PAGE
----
The balance of evidence argument
Since Hume defines laws via repeated sensory experience, he argues that, when confronted with a miraculous experience or claim, a person should never accept them as valid.  The reason is that, by definition, the person has better evidence for the law (repeated experience) than he does for an isolated miraculous experience (or claim).  And of course, rational people should attune their beliefs in accordance with the weight of the evidence.

But is it true that an isolated person experience or testimonial claim is always outweighed repeated past experience?  It seems not.  Even the most well-confirmed scientific theories are subject to refutation by new evidence.  And this can happen after years of confirmation by repeatable experiments. [1]

The Wrong Laws Argument
This argument is very similar to the previous one, accept that it doesn't claim the person to reject miracles, instead it concludes that the person might be mistaken about the laws of nature.  In other words, which is more likely: that I'm mistaken about the laws of nature, or that the laws of nature have been transgressed?

The Purely Anomalous Event Argument
Ockham's razor dicates positing no more explanatory entities than necessary.  Hume thinks it follows that we would be better to just say the supposed miraculous event is uncaused than caused by a supernatural agent.  Of course, imagine standing on the banks of the Red Sea and watching these events unfold (in light of your prior knowledge about Moses and his claims).  It seems wrong to say that you should accept the parting of the Rea Sea as simply uncaused.

Humean-style arguments for the impossibility of miracles
Hume defines a law of nature as a true universal generalization, in other words, a statement about the way things always happen.  So if it were shown that a "miracle" occurred, all this would do is invalidate the law of nature.  It wouldn't serve to show that a miracle had "broken" the law, only served to invalidate it.  Thus, miracles--when defined as transgressions of the laws of nature--are impossible.  Rea and Murray simply respond by giving a better definition for a miracle: "an event (ultimately) caused by God that cannot be accounted for by the natural powers of natural substances alone."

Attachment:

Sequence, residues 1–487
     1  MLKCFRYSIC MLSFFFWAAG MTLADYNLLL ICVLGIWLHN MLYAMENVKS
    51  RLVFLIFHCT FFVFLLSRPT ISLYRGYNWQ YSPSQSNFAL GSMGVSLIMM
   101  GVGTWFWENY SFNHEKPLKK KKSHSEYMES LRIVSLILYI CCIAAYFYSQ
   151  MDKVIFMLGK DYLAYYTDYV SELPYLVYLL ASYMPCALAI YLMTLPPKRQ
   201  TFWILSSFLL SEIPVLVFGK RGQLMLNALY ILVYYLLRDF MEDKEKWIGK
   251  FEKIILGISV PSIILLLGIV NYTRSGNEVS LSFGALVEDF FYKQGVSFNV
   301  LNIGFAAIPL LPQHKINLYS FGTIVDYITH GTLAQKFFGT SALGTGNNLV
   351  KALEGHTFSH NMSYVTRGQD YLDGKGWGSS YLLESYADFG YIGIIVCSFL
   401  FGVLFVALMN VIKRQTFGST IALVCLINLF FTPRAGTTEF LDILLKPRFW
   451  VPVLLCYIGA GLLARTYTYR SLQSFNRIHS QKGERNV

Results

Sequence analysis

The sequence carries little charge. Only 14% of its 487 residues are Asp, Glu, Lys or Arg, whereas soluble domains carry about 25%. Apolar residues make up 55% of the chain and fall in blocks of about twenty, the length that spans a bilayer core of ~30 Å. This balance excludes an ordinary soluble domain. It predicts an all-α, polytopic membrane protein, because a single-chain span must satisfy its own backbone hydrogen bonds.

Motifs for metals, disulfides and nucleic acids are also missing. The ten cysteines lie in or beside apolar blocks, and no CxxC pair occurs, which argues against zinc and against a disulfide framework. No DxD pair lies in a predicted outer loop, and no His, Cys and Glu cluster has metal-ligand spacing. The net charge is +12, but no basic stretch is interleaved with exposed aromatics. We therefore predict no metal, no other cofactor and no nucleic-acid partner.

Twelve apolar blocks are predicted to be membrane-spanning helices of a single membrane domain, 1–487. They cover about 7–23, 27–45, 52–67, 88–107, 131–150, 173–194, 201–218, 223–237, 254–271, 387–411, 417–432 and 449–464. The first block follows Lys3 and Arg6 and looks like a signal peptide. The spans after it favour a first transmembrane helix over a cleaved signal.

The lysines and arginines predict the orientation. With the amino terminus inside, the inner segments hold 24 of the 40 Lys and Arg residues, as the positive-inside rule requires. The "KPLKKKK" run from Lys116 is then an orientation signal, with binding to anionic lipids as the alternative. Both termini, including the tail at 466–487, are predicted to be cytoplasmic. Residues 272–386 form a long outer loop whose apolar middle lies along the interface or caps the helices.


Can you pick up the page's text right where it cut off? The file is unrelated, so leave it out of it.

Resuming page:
1 See Alan Hajek's paper entitled, "Are miracles chimerical?"

Saturday, April 02, 2011

Eric Reitan lectures on his latest book

Dr. Eric Reitan author of "Is God a Delusion?" lectures at the University of Tulsa on September 22, 2009 from James P on Vimeo.

Friday, April 01, 2011

Philosophy of Religion Articles - PDF Carnival I

An assortment of articles that I've encountered, though probably not read yet, over the last month.
  1. Some Recent Progress on the Cosmological Argument by Alexander Pruss.
  2. (A wonderfully concise account of) Possible Worlds by Peter van Inwagen
  3. A New Look at the Cosmological Argument, by Robert Koons
  4. A New Cosmological Argument, by Alexander Pruss and Richard Gale
  5. A new cosmological argument undone, by Michael Almeida and Neal Judisch
  6. How Successful is Naturalism?, by Michael Rea
  7. Philosophical Themes from C.S. Lewis, by Steven Lovell
  8. God Eternal and Paul Helm, by Richard Gale
  9. Graham Oppy on the Kalam Cosmological Argument, by William Lane Craig
  10. Asking God, by Paul Helm
  11. The Argument from Reason (1998), by Victor Reppert
  12. Eternal Damnation and Blessed Ignorance, by Eric Reitan